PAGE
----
The research and development of generic business level service infrastructures supporting federated problem solving environments has demonstrated significant benefits to engineers.
In 2004, the Grid hype was at its peak, promising industry the ability to participate in dynamic value networks accessing heterogeneous resources distributed in a globally connected Internet. Today the term has limited value and has returned back to its origins as a technology supporting access to computational resources. Influential projects such as SIMDAT recognised this transition and adopted a service-oriented approach consisting of flexible, interoperating services rather than a monolithic Grid infrastructure. The choice of service-orientation proved vital for the successful integration and acceptance of SIMDAT's generic-enabling infrastructure in different industrial application sectors (automotive, aerospace, pharmaceutical and meteorology) and as a channel for the evolution from Grids to an Internet of Services.Secure Society Smart Manufacturing
The SIMDAT infrastructure is based on IT Innovation’s GRIA software, highlighting how our approach to security and management of services delivers the dynamics and accountability necessary for businesses to undertake collaborative design. SIMDAT demonstrated how service-oriented architectures can support a range of collaboration scenarios required by industrial applications, from virtual organisations to value networks, and how by incorporating a standardised message structure vertical integration with sector-specific tooling can be achieved. Our research focused on business level management and on how SLA (Service Level Agreement) management services can be used to support the monitoring, constraining and billing for service usage for a wide variety of applications that was essential to the projects success. We also demonstrated how contextualised registries incorporating security policies can be integrated with enterprise procurement systems. Using these foundation techniques we demonstrated how the infrastructure can support complex scenarios such as 3rd party licensing for on-demand services and collaborative data management (illustrated below).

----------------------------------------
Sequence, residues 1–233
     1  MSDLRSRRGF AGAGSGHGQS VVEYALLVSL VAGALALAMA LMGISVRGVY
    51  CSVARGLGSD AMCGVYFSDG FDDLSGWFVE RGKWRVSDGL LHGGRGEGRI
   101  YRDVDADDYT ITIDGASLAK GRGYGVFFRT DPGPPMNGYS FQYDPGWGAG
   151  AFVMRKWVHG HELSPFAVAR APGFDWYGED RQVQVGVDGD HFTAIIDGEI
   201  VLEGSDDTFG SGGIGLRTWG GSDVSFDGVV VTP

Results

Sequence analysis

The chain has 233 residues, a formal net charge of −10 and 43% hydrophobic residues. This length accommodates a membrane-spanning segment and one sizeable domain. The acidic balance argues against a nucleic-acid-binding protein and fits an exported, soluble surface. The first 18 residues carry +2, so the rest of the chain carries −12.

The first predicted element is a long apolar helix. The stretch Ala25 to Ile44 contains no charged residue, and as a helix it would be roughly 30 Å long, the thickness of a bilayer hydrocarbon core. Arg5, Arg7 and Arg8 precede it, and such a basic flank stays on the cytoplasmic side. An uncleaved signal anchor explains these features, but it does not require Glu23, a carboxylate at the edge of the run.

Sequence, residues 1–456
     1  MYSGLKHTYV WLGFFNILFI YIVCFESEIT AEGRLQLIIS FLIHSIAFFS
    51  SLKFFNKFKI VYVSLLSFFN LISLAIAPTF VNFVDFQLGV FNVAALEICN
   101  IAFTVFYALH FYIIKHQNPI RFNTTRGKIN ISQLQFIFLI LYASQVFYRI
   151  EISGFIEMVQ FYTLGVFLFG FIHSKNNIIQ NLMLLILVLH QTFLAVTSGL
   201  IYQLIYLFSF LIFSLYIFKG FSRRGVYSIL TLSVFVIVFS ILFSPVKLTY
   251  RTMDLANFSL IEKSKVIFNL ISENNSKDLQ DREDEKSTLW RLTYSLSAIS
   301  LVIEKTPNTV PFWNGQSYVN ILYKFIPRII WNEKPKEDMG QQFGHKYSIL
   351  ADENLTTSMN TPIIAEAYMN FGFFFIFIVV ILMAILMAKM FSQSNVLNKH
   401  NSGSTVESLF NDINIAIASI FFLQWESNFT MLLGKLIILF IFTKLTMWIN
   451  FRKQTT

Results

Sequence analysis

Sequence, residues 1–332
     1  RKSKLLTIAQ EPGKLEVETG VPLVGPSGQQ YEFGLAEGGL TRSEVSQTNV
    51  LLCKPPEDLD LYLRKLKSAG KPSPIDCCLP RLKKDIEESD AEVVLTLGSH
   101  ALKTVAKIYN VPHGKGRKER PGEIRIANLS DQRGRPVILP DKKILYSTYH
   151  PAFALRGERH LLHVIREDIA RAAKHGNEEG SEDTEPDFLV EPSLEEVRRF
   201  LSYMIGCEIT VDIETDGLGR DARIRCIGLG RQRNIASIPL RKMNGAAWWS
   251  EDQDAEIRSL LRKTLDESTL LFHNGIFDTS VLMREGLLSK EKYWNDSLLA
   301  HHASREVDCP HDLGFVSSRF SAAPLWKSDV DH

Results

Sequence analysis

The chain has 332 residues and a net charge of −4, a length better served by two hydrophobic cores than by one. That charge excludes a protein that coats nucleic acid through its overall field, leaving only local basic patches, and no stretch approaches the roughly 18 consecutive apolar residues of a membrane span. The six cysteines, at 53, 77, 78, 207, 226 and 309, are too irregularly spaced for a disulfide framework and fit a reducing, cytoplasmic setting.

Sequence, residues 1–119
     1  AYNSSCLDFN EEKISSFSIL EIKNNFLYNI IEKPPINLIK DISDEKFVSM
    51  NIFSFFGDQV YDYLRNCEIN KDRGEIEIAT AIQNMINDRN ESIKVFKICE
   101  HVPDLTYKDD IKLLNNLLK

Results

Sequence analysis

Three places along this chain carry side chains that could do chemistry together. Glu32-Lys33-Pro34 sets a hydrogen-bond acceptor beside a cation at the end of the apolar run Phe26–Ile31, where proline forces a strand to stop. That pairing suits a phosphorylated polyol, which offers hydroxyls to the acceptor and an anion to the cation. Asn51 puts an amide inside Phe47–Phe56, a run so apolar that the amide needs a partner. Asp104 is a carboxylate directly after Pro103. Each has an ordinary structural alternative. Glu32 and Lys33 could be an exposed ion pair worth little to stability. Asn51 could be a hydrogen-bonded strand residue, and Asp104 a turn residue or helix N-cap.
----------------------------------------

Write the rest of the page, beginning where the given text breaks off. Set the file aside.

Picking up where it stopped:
After more than 10 years of research and development into Grid technology the baton has been handed to the Internet of Services as industry demands still greater flexibility, diversity and accountability. SIMDAT has shown how service-oriented technologies can be used to exploit the Internet for the collaborative design of complex products.
The SIMDAT project was a 50 month project funded by the EC Sixth Framework Programme.
Coordinator: Fraunhofer-Gesellschaft, Germany
More information: http://cordis.europa.eu/project/rcn/71837_en.html
SIMDAT received research funding from the EC’s Sixth Framework Programme.